Brooks - BX9338 .B7 1813 v1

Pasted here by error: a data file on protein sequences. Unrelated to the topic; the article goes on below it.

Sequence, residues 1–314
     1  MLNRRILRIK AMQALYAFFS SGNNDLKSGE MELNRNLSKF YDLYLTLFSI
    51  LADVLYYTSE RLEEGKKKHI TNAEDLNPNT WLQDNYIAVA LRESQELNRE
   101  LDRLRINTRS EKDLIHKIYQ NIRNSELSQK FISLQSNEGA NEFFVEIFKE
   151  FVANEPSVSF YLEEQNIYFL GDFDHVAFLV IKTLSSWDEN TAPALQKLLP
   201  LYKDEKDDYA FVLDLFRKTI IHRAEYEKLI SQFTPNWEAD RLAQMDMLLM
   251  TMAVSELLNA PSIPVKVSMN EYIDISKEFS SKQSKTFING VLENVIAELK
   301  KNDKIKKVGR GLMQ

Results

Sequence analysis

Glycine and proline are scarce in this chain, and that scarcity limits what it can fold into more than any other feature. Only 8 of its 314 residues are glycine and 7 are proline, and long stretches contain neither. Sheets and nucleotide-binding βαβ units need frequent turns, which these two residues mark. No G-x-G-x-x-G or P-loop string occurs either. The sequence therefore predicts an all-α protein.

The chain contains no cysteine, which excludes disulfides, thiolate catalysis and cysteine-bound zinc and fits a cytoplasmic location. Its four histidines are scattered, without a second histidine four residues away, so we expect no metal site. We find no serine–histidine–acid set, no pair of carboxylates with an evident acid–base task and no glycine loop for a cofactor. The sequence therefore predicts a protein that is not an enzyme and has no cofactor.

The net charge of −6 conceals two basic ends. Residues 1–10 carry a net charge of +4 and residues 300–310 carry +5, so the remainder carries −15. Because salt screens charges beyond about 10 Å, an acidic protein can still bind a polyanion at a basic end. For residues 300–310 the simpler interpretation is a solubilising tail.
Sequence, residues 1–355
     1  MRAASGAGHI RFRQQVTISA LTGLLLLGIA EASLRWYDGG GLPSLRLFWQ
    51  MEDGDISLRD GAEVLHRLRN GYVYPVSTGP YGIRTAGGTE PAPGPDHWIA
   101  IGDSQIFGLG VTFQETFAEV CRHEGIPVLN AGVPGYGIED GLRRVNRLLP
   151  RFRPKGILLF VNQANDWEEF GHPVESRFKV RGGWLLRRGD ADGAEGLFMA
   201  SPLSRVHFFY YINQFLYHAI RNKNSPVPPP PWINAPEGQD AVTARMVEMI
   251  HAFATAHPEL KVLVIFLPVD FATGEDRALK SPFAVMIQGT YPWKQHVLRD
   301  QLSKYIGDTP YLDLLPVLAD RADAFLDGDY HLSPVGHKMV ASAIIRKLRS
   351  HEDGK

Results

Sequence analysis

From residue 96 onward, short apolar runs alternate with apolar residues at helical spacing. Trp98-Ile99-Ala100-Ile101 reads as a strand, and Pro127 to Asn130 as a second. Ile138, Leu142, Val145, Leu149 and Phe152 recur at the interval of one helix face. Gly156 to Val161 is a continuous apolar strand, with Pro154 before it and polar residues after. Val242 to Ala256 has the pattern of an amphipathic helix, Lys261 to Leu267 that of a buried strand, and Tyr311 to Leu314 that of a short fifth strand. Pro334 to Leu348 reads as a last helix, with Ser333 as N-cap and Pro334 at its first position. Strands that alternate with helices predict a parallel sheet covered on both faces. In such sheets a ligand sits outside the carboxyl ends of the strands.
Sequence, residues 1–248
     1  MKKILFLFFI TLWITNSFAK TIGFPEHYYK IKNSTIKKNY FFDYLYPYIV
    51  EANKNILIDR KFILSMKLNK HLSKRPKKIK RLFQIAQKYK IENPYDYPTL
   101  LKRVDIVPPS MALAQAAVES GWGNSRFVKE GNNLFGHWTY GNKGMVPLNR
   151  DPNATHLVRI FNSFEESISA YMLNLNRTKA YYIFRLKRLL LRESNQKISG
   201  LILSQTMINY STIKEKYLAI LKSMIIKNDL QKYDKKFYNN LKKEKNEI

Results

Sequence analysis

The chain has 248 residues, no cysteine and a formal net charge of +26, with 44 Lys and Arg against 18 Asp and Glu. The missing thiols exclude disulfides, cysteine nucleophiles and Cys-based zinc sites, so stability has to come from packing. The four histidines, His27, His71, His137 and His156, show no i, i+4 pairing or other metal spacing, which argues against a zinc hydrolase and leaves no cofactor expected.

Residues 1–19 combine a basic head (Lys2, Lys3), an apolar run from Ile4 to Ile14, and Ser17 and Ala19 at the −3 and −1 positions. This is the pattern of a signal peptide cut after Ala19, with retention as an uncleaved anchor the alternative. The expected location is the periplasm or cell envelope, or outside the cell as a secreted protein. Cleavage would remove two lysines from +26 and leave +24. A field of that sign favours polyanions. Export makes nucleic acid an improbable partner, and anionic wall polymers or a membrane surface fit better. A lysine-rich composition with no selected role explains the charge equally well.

INTRODUCTION. 85 Jessey and many others being assembled together for the purpose of fasting and prayer, were interrupted by the pursuivants, and sent to the Tower. Afterwards he was apprehended and several ofhis congregation, and committed to the Compter ; but upon their application to the parlia- ment, they were immediately released. Mr. Wilkinson was suspended, but restored by the house of commons.. Mr. Moreton, rector of Blisland in Cornwall, was driven from his living and his flock. Mr. Hughes and Mr. Todd were both silenced. Mr. Hieron was apprehended and prosecuted in the high commission, for very trivial matters.+ By these proceedings of the bishops, many thousands of excellent christians and worthy subjects were ruined in their estates, and driven out of the country.t In the year 1640, the convocation continued to sit, after the parliament was dissolved. Thecanons adopted in this synod, entitled " Constitutions and Canons Ecclesiastical treated upon by the Archbishops of Canterbury and York, &c." are extremely superstitious and tyrannical. They required of all clergymen to swear " That they would never consent to the alteration of the present government of the church, by archbishops, bishops, deans, archdeacons, &c." And if any beneficed person should refuse this ridiculous and cruel oath, " he shall after one month be suspended fromhis office ; after a second month, he shall be suspended from his office and benefice ; and after a third month, he shall bedeprived ofall hisecclesiastical promotions."§ These canons were evidently designed to crush all thepuritans at once ; but they were soon virtually annulled.H November 3, 1640, the LONG PARLIAMENT first assem- bled, and continued sittingwith some little interruption about eighteen years. The members of this parliament were all members of the church ofEngland, and nearly all advocates for episcopal governments The first week was spent in appointing committees, and receiving the numerouspetitions fromall parts of the kingdom, craving a redress of grievances both in church and state... Numerous petitions were also Calamy's Conlin. vol. i. p. 47, 91. + Colony's Account, vol. ii. p. 144, 162, 222, 797. Mather's Mt. of New Eng. b. iii. p. 136. § Sparrow's Collec. p. 359, 360. H The above convocation, says Clarendon, gave subsidies, enjoined an oath, and did things,which, in the best of times, might have been ques. tioned ; and therefore, in the worst, were sure to be condemned.-Hist. of Rebellion, vol. 1. p. 116. 4 Clarendon's Hist. vol. i. p. 124. Whitlocke's Memorial, p. 36.